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See also: Græcity



Alternative formsEdit


An adaptation of the Late Latin Graecitās (the Greek language).



Graecity (uncountable)

  1. (obsolete) Adoption of Greek naming and/or the Greek language.
    • 1845, O.T. Dobbin (tr.), D. Diodati (aut.), “Dominici Diodati I. C. Neapolitani, De Christo Græce Loquente Exercitatio” in The Biblical Repository and Classical Review, Third Series: № I (Whole Number: LVII), art. vii, § 8, 175:
      The territory and towns of Judæa…from the period of the Maccabees dated the era of their Græcity (suam receperunt Græcitatem).
  2. Greek (especially linguistically Greek) character or style.
    • 1969, Journal of Tamil Studies I, № 1, 57:
      [Hebrew] now possesses a series of prefixes to translate such elements as mono-, di-, tri-, sur-, sub-, inter-, etc., partly even simulating the Latinity or Graecity of the European morphemes by using Aramaic elements.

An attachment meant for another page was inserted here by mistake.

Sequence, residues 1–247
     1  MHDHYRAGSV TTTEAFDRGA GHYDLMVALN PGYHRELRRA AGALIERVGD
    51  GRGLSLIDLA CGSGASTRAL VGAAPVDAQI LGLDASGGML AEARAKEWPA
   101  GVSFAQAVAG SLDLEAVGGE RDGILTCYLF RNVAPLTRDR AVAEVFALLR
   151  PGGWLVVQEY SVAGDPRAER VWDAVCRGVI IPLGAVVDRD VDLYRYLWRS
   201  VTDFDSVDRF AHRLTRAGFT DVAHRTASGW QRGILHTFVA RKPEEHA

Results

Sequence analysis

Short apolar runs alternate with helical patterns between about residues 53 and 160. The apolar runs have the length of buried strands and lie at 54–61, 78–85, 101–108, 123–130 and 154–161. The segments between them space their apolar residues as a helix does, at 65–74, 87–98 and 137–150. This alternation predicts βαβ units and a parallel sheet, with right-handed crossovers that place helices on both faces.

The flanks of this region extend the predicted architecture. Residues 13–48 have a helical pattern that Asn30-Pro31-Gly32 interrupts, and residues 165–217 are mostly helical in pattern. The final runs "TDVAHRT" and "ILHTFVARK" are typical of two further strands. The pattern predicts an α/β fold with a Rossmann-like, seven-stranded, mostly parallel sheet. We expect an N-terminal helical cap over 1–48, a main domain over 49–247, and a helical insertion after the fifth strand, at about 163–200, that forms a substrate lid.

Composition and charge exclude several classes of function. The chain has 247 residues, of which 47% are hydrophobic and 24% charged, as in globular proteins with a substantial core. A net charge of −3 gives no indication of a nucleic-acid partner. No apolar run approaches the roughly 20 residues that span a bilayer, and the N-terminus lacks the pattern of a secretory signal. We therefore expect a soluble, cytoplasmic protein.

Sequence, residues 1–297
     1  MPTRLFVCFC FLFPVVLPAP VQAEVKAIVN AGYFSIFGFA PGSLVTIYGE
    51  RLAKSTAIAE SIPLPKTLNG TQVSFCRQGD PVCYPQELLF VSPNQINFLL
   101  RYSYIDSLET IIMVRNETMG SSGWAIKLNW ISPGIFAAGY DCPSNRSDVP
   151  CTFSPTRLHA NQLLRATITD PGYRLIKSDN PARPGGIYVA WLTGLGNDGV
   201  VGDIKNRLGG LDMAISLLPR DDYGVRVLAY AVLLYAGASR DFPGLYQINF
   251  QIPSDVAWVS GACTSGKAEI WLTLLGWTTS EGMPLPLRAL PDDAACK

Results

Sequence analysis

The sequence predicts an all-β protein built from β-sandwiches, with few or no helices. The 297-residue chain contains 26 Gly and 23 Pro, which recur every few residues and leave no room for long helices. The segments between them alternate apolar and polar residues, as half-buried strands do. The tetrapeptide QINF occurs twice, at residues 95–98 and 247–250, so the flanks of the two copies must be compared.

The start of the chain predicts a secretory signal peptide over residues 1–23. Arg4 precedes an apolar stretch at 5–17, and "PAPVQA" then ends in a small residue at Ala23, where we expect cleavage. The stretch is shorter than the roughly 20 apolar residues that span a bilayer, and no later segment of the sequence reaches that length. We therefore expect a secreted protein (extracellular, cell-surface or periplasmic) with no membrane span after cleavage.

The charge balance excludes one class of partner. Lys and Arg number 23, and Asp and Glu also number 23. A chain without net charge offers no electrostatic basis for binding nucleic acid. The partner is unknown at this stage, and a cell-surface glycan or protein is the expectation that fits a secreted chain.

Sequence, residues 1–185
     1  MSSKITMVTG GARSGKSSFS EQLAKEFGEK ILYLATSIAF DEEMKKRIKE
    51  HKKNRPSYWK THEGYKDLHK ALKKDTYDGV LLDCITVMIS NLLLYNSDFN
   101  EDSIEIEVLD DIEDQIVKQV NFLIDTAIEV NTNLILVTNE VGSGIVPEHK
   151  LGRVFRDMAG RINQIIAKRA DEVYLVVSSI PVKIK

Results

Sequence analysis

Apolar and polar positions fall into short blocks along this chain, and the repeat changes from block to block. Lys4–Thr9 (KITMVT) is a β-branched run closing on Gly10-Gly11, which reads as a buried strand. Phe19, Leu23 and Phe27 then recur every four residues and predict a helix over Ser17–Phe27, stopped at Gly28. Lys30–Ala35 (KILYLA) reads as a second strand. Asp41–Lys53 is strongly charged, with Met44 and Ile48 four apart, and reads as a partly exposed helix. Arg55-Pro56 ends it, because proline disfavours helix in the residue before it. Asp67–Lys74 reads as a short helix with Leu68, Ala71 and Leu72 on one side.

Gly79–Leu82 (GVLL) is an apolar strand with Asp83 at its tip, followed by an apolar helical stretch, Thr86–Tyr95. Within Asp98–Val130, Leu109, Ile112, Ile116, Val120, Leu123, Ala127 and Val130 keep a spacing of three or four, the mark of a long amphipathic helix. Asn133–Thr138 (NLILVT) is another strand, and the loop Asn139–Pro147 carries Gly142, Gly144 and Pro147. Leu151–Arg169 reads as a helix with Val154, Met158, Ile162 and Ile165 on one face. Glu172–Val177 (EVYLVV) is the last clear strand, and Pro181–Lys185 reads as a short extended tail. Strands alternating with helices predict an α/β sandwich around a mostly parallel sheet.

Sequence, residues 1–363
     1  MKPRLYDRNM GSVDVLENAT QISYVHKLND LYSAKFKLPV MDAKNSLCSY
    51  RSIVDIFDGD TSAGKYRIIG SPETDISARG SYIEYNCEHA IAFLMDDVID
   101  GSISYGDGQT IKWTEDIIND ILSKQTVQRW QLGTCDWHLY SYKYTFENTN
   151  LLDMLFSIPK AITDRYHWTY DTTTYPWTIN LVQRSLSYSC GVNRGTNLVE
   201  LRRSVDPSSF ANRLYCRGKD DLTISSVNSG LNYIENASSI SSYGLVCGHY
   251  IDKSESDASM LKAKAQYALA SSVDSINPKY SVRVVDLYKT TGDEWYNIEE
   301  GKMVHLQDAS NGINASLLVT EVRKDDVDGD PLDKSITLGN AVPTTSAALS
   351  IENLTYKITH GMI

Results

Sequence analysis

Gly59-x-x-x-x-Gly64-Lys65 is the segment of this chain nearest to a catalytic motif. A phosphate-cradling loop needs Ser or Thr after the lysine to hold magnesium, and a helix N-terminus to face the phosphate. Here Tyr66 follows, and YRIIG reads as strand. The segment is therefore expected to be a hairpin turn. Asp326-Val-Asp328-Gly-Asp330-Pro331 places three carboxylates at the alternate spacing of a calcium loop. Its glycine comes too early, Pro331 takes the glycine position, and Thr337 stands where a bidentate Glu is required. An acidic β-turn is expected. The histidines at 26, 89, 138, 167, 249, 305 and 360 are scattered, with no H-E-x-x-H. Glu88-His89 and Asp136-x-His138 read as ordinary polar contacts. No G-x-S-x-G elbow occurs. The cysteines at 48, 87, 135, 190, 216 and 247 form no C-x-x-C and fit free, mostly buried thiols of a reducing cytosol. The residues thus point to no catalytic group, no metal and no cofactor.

• 1995, J. Høyrup, As Regards the Humanities…, 11:
      The overall climate of the Old Babylonian scribe school was as repressive as that seventeenth to nineteenth century Latin school which inculcated “Latinity” or “Graecity” into the sore backs of future priests and officials.
    • 1998, R. Kuin, Chamber Music, e.n. 24 to ch. 2, 247:
      The k in skope is in effect a marker of graecity, and as such conserves the original Greek seme of sight.
    • 2006, R.S. Price, Homeric Whispers, ch. x, 235:
      A revised understanding of the Iliad and Odyssey…raises two…inescapable questions, namely: first, how did these works come into the Hellenic World? and, second, how did these works…become the very quintessence of Graecity?
    • For more examples of usage of this term, see Citations:Graecity.
  3. (collectively) Greek texts and other language materials, regarded as a corpus.
    • 2013, J. Kramer, “The ancient languages of Greek and Latin” in Dictionaries: An International Encyclopedia of Lexicography • Supplementary Volume, pt VII, ch. xxxviii, § 4.4.2, 629/2:
      Special areas of the Greek lexicon were worked on by specialists; the graecity treated was exactly described: the complete lexicon of Greek, including inscriptions and papyri until and including the sixth century AD, was to be recorded.
    • ibidem, 630/2:
      When it will be finished, the DGE will be the largest and most reliable dictionary of antique graecity.